Unfriendly E. coli is not the only bacteria. We have millions and billions of friendly microbes. They live everywhere; we are covered in them: on our skin, in our vaginas, outside the urethra. Harsh soaps, intimate cleaning products or water that is too hot can kill off the good guys. We want these friendly bacteria. They can protect us from infections like cystitis. If they are washed away, it leaves an empty space that can quickly be occupied by an undesirable. Scrubbing too hard or using harsh soaps can irritate the delicate skin in this area. Be gentle and use water only.

4. If you need to pee, go to the loo

Why wait if you don't have to? When we urinate, the body is flushing out waste products. This includes bacteria that we don't want. It's important to empty the bladder completely, so give yourself as much time as it takes.

5. Don't squeeze out your pee

Relax. Did your mammy tell you never to sit on the dirty toilet seat? Entire generations of women were reared to hover over the bowl. Poised for flight and squeezing that pee out like the toilet was on fire and they were saving us all. Forcing the urine out activates the muscles in the pelvic floor which stops the bladder from emptying completely. It also sends your body mixed messages, 'pee; no, don't pee'. Confusing.

6. Have sex; pee straight after

Sexually active women are more likely to get cystitis. Couples in love, partners on holidays and at Christmas often have energetic and frequent sessions. All this rubbing can make delicate tissue a little inflamed and more prone to infection. Intimate mixing of body fluids can cause a bit of mischief too. Bacteria can get moved around. Ergo - honeymoon cystitis, which is the UTI you can get from having romance in your life. Peeing immediately after sex will flush any bacteria that may be knocking around out from the urethra, and help prevent cystitis.

7. Use underwear made from natural fabrics

Knickers made from synthetic fabric like nylon and polyester are not breathable. They can feel sweaty, and any moist environment can promote cystitis-causing bacteria. Using natural fabrics (like cotton) will keep you cool and fresh-feeling.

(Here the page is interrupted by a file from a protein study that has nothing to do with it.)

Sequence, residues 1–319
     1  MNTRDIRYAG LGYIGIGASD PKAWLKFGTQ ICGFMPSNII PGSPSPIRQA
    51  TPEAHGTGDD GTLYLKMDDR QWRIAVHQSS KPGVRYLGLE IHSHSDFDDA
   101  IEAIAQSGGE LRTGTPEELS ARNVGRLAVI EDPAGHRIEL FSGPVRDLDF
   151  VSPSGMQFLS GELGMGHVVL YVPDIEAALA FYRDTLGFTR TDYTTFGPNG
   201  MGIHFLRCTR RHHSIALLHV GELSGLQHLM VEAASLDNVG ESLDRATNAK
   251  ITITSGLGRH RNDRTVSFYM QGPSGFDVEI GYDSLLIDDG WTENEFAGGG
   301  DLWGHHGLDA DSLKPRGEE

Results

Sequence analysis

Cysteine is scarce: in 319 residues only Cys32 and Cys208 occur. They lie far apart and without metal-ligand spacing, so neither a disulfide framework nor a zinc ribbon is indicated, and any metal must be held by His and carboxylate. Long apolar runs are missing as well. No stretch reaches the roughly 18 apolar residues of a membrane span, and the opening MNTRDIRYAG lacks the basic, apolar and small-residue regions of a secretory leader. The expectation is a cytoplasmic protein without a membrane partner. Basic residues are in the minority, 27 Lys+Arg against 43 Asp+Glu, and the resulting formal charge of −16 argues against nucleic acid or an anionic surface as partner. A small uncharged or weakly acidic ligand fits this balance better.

8. Drink more water

Dehydration causes urine to become very concentrated. If your pee is darker than a pale yellow then you are not drinking enough water. Concentrated urine will contain more bacteria. This increases the chances of getting cystitis. Drink plenty (at least one litre and a half a day) of plain water. Keep that urine flowing!

9. Take cranberry 

Cranberry can stop bacteria sticking to the wall of the bladder. For that reason, it is useful for helping to prevent cystitis. It doesn't act like an antiseptic, so it won't kill off bacteria. It will just act as a deterrent - the bacteria will get flushed out of the bladder more easily if they have nothing to stick onto. Read more about cranberry here.

10. Eat foods that help prevent cystitis

Eating a healthy diet is a great way of helping prevent cystitis. The more good things you add, the less room in your tummy for things we know are not good for our urinary tract, like alcohol, caffeine and sugary drinks. Certain foods are particularly beneficial for cystitis prevention. Eat plenty of vegetables and fruit that are high in vitamin C, like spinach, broccoli, Brussel sprouts and berries. Vitamin C is important for connective tissue (our elastic bits) and it promotes wound-healing. It supports good circulation, and we need it for a functioning immune system.